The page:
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Education Officials Encourage Maine Families To Fill Out School Meal Applications — Or Schools Could Lose Funding

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Willis Ryder Arnold
Maine Public
Deering High School workers assemble bag lunches in March 2020 from food dropped off by restaurants Little Giant and Chaval.

A provision in the state's supplemental budget passed earlier this month makes Maine one of the first states in the country to provide free school meals for all students. But state education officials say that parents should continue to fill out school meal paperwork — or their schools could be at risk of losing funding.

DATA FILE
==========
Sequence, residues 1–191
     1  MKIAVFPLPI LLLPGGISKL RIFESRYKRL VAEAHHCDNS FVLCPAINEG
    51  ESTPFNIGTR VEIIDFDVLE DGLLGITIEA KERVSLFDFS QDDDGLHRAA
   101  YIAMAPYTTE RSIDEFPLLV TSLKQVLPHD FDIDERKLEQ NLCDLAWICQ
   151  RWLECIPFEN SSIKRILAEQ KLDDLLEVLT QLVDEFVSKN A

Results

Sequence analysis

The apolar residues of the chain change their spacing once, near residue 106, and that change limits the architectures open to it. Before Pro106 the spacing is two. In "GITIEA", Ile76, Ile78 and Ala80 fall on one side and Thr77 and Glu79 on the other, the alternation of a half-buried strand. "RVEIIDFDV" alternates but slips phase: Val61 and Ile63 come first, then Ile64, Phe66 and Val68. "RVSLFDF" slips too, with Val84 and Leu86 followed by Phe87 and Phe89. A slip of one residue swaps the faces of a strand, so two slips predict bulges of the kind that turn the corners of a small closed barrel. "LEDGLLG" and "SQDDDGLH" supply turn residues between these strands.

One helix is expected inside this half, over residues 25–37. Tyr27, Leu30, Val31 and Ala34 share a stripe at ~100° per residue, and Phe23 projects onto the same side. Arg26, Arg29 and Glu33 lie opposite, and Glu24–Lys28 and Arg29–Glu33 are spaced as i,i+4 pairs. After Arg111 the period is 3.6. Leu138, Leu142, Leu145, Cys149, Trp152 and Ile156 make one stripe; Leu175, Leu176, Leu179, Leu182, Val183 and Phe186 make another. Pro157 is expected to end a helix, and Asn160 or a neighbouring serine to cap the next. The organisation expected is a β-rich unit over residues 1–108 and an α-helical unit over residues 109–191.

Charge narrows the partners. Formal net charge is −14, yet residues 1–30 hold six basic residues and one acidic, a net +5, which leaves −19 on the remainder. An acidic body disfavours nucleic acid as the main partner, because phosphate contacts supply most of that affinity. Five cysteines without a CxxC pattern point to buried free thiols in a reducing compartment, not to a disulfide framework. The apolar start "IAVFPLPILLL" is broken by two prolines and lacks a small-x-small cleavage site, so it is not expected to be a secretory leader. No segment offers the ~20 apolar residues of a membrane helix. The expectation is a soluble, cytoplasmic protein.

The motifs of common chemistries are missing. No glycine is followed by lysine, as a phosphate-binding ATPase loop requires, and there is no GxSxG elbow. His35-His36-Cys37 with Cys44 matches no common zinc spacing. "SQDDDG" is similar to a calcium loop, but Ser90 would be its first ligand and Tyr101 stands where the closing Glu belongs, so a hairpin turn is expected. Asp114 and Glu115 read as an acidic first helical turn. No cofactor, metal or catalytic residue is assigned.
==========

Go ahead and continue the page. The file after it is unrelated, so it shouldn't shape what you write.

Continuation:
While school meal applications are confidential, the Maine Department of Education says that aggregate family income data from the paperwork is used to determine federal and state funding for programs including summer school, special education, grant opportunities and teacher student loan forgiveness.

In a notice distributed on Wednesday, the agency says that "if there is no data to inform the needs of the community, it could result in less education funding for your local district and for Maine."

Since the pandemic began, the DOE says far fewer families have filled out school meal applications.

The department says the applications can be filled out online and will also be included in paperwork coming home with students at the beginning of the school year.